Opinion

Non-point pollution is our problem, and that's the point | Editorial

Scientists call it “non-point pollution,” meaning it emanates from sources that aren’t specific or readily identifiable. 

Oil leaks from automobiles and chemical treatments on lawns are two good examples, swept as they are by rainwater through ditches and storm drains and into the waters of Puget Sound. Another example: the septic systems of shoreline homes, which over time send untreated waste oozing out to contaminate our waterways. 

Non-point pollution is, if anything, more insidious than the factory smokestack or toxin-spewing drainpipe; you can’t just douse the fire or turn off the spigot to make it go away. Plus, no one wants to take ownership of the problem, even though we all contribute to it in one way or another.

But we should do what we can; Friday Harbor is replacing an aging, leaky shoreline sewer pipe with a new upland one, and sources of detergents that have been getting into our harbor are being identified and corrected.

State and local officials are hailing the formal adoption of an action plan by the Puget Sound Partnership to protect and restore the environment of our region’s signature waterway. The recently created state agency’s four-point plan: to protect our last remaining intact shoreline areas; to restore damaged and polluted sites to environmental health; to stop water pollution at its source (including shoreline septic seepage); and to coordinate the protection, restoration and cleanup efforts regionwide.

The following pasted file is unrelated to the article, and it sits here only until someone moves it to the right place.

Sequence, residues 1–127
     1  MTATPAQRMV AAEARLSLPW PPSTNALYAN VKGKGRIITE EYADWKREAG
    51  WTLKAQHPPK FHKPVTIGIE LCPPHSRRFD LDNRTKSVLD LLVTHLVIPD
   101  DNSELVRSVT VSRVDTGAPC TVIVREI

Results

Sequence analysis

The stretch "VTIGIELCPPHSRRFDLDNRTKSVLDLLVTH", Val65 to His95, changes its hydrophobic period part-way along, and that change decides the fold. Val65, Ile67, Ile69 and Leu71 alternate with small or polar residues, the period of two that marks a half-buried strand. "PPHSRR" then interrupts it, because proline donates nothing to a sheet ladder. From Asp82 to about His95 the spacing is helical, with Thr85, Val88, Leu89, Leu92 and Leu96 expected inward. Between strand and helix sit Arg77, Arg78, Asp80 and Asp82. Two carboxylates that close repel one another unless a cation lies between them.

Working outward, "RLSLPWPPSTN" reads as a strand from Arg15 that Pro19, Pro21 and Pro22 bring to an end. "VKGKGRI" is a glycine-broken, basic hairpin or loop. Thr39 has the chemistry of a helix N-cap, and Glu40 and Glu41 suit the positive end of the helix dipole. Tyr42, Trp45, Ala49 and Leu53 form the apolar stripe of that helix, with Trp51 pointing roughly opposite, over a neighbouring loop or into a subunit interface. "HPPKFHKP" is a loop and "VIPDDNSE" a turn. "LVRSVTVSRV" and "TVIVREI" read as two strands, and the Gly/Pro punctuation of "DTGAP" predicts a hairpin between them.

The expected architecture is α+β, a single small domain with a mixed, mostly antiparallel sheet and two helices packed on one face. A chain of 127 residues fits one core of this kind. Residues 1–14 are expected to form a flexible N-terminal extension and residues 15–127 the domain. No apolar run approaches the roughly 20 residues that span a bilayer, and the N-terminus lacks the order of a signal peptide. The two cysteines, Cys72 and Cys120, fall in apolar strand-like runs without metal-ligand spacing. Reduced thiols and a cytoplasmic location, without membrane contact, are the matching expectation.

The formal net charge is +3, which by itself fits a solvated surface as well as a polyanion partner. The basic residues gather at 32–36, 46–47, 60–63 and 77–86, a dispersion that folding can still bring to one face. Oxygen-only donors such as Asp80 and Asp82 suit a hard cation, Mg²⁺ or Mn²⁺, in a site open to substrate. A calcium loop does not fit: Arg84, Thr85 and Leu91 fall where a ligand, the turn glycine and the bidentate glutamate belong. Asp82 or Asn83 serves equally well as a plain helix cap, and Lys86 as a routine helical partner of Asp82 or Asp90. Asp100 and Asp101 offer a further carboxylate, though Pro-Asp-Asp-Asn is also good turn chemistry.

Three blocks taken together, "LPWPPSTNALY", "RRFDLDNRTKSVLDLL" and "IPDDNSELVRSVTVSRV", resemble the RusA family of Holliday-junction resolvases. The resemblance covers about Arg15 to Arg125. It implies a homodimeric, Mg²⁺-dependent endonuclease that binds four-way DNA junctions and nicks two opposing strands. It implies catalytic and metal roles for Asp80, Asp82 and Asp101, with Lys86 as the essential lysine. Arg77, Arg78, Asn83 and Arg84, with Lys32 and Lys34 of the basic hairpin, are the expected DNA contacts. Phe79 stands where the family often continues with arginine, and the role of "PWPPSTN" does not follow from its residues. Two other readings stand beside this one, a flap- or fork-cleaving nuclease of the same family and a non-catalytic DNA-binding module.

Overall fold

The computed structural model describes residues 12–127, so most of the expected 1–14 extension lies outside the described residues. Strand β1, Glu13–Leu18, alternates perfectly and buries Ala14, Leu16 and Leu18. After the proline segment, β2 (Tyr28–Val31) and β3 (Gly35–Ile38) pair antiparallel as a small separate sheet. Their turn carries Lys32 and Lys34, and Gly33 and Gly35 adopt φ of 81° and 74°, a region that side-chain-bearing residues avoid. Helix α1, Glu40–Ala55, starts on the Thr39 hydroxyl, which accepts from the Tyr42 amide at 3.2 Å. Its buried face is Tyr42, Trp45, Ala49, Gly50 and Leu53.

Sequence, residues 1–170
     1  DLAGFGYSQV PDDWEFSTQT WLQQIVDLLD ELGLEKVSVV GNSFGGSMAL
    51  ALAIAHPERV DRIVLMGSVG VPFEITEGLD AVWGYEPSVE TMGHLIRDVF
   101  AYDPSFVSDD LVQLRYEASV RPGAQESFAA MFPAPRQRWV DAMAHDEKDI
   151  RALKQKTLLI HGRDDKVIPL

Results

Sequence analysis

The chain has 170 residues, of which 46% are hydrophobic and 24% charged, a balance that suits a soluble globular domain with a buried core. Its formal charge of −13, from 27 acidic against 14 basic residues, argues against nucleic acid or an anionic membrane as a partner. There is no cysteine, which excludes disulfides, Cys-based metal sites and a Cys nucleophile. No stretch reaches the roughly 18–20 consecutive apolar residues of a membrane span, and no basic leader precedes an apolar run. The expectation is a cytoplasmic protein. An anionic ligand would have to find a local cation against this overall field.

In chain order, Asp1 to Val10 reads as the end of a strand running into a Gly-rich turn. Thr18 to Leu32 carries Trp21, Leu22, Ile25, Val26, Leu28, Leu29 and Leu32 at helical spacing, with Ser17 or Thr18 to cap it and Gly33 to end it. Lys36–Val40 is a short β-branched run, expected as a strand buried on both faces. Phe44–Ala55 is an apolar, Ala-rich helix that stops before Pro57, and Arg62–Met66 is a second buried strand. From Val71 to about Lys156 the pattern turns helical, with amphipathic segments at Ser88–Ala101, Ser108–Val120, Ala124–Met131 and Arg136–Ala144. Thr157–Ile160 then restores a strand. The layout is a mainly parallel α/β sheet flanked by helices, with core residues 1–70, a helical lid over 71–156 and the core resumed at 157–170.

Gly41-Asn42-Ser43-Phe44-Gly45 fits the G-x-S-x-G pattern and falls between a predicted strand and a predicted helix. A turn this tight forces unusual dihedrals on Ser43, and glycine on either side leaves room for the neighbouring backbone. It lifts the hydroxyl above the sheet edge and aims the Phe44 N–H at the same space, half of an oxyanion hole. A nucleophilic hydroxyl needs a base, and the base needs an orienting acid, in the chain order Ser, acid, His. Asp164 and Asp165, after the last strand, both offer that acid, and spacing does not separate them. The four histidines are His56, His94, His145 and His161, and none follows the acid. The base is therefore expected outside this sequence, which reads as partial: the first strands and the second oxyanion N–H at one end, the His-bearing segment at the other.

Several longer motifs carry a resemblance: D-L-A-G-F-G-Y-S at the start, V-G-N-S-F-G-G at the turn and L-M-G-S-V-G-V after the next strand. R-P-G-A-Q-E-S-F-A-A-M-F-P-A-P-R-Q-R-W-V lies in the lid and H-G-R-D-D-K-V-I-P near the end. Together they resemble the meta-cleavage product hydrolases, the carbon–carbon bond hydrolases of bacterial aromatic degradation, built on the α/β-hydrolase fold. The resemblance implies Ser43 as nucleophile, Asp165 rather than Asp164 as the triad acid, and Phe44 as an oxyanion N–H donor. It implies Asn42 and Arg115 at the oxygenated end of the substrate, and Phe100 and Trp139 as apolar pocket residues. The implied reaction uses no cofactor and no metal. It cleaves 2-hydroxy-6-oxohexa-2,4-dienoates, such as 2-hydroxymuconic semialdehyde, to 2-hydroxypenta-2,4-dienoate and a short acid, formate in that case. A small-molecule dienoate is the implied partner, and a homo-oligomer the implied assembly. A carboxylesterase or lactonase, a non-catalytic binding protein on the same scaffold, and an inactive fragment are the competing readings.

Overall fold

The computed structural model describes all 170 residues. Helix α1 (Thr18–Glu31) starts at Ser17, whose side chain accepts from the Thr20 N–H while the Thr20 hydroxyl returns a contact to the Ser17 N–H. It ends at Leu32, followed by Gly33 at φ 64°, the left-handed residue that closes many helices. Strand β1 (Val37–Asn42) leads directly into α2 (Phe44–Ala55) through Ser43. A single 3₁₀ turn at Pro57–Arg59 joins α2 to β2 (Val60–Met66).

With the formal adoption of the action plan (more details of which are available online at www.psp.wa.gov), the state will engage local and tribal authorities — and yes, we citizens — in this cause. You’ll be reading a lot about the program in the coming months. 

Why should you care?

Our island communities were shaken last month by reports that the region’s orca populations may be literally starved for food — fears piqued by the abrupt disappearance of seven whales from the pod. Their woes trace directly to declining salmon populations, which owe in turn to the pollution-induced problems throughout the Puget Sound ecosystem. 

Is it any wonder? Scientists estimate that 52 million pounds of toxins enter Puget Sound waterways each year — 150,000 pounds per day. As PSP Executive Director David Dicks points out, that’s the equivalent of an Exxon Valdez spill every two years. And with so much of our economy and quality of life tied to Puget Sound’s health, we all live downstream — true for none more so than the orcas.

We are the generation that gets to decide the fate of our signature waterway and its marine inhabitants. That won’t come without awareness, effort and sacrifice. So we can see the extension of sewer lines to more Eastsound neighborhoods as a threat, an imposition, a financial burden on our households. Or we can see it as an opportunity to do our small part in a greater regional effort to save our waters — below ground on Orcas Island, and in the broader Puget Sound. 

Non-point pollution is all our problem — and that’s the point.

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